But people should be careful what they wish for. A domestic nationalist backlash against the policies that led to the war is brewing, with implications for how the US will deal with Europe and the rest of the world down the road. Like it or not, American power and involvement are necessary to the proper functioning of world order, and the kind of role that a post-Iraq United States may play is very much up for grabs.
Two recent events constitute straws in the wind. After the protests and embassy-burnings over the Danish cartoons, no major US newspaper was willing to publish the cartoons, and most editorialists took a holier-thanthou attitude to those European papers that did. While one might question the prudence of publishing the cartoons, the violent reaction was a clear case of intimidation, in many cases officially sanctioned, and few Americans criticised the protests or stood up for the right of free speech. Many seemed to feel a certain satisfaction that this time Europeans rather than Americans were feeling Muslim wrath.

The second, and more egregious, case was the successful blocking by the US Congress of the purchase by Dubai Ports World of a British company that operates six US ports. Coming at a time of heightened economic nationalism on the part of countries such as France, Spain and Poland, which have recently sought to prevent such takeovers, this shameless pandering to public fears of terrorism undermined every principle of openness and globalisation that the US has been preaching in recent years. ....

ABC News: EXCLUSIVE: U.S. Ambassador to Iraq Discusses Nation's Future

ABC News: EXCLUSIVE: U.S. Ambassador to Iraq Discusses Nation's Future: "...VARGAS: The former Iraqi Prime Minister Ayad Allawi said over the weekend that he thought Iraq was already mired in the civil war. He said, 'If this is not a civil war then God knows what a civil war is.' What's your reaction?

KHALILZAD: Well, there is the sectarian tensions and there is sectarian killing. Civil war, in my judgment, is not here yet. A civil war will take place if the state institutions that exist disintegrate or they decide to choose sides and fight each other. And that has not happened. But people are getting killed. Some are getting killed because of their sectarian beliefs. But I think to call it a civil war at the present time I think would be inaccurate. But the potential for increased sectarian violence is there, and terrorists are seeking to provoke it.

VARGAS: Since the bombing of the mosque in Samara many of the Shiites say they cannot trust you because they consider you to be Sunni and consider you to be biased toward the Sunnis. Do you think you still have enough clout to pull these two sides together into some sort of coalition?

KHALILZAD: Well, they, they have to do it not only because of me or the United States, but they have to do it because that's what the situation requires. The country is bleeding. Iraqis want their leaders to rise to the occasion, to form a government of national unity. I am pushing that on behalf of the United States and for the sake of a successful Iraq because Iraq's success is important for the future of the Middle East. And the future of the Middle East is important for the future of the world. "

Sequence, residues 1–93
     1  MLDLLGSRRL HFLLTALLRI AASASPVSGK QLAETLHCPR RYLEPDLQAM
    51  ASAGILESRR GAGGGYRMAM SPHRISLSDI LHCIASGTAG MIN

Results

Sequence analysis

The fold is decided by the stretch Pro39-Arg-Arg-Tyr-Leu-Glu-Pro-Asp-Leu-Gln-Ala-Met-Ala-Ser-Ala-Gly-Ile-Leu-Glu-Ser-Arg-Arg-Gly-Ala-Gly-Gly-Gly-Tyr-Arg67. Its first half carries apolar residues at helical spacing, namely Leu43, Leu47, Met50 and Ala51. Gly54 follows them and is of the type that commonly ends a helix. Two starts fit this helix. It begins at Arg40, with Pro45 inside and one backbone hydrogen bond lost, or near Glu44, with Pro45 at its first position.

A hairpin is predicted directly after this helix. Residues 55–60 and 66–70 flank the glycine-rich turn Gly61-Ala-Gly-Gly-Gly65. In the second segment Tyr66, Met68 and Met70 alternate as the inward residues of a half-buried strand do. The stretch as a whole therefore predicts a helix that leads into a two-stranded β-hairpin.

[bth: I'm very impressed with Khalilzad. He is one of the few bright spots in US government and seems to me to be offering candid and realistic statements about the situation and what is possible. Its too bad we don't have him times ten. When one compares his comments with those of Cheney, Bush, Rumsfeld or Rice not to mention Wolfowitz or even Powell, one realizes just how far from reality and truth they really are - and it doesn't have to be that way, that's the tragedy of it.]

2 Years After Soldier's Death, Family's Battle Is With Army - New York Times

2 Years After Soldier's Death, Family's Battle Is With Army - New York Times: "SAN JOSE, Calif. � Patrick K. Tillman stood outside his law office here, staring intently at a yellow house across the street, just over 70 yards away. That, he recalled, is how far away his eldest son, Pat, who gave up a successful N.F.L. career to become an Army Ranger, was standing from his fellow Rangers when they shot him dead in Afghanistan almost two years ago.
'I could hit that house with a rock,' Mr. Tillman said. 'You can see every last detail on that place, everything, and you're telling me they couldn't see Pat?'
Mr. Tillman, 51, is a grieving father who has refused to give up on his son. While fiercely shunning the public spotlight that has followed Cpl. Pat Tillman's death, Mr. Tillman has spent untold hours considering the Army's measurements, like the 70 yards.
He has drafted long, sometimes raw, letters to military leaders, demanding answers about the shooting. And he has studied � and challenged � Army PowerPoint presentations meant to explain how his son, who had called out his own name and waved his arms, wound up dead anyway, shot three times in the head by his own unit, which said it had mistaken him for the enemy."

Monday, March 20, 2006

Old Forecasts Come Back to Haunt Bush

Old Forecasts Come Back to Haunt Bush: "...Newport, whose survey found a 26-point drop in the number of people who find Bush trustworthy since the 2003 invasion, said Bush can restore his standing on Iraq, on his credibility and on other issues by improving his overall popularity -- a feat past slumping second-term presidents have found difficult to pull off. The erosion in the public's support for Bush at a personal level is a striking reversal for a president who for most of his first term was described by the public as a strong and trustworthy leader, especially on national security measures."...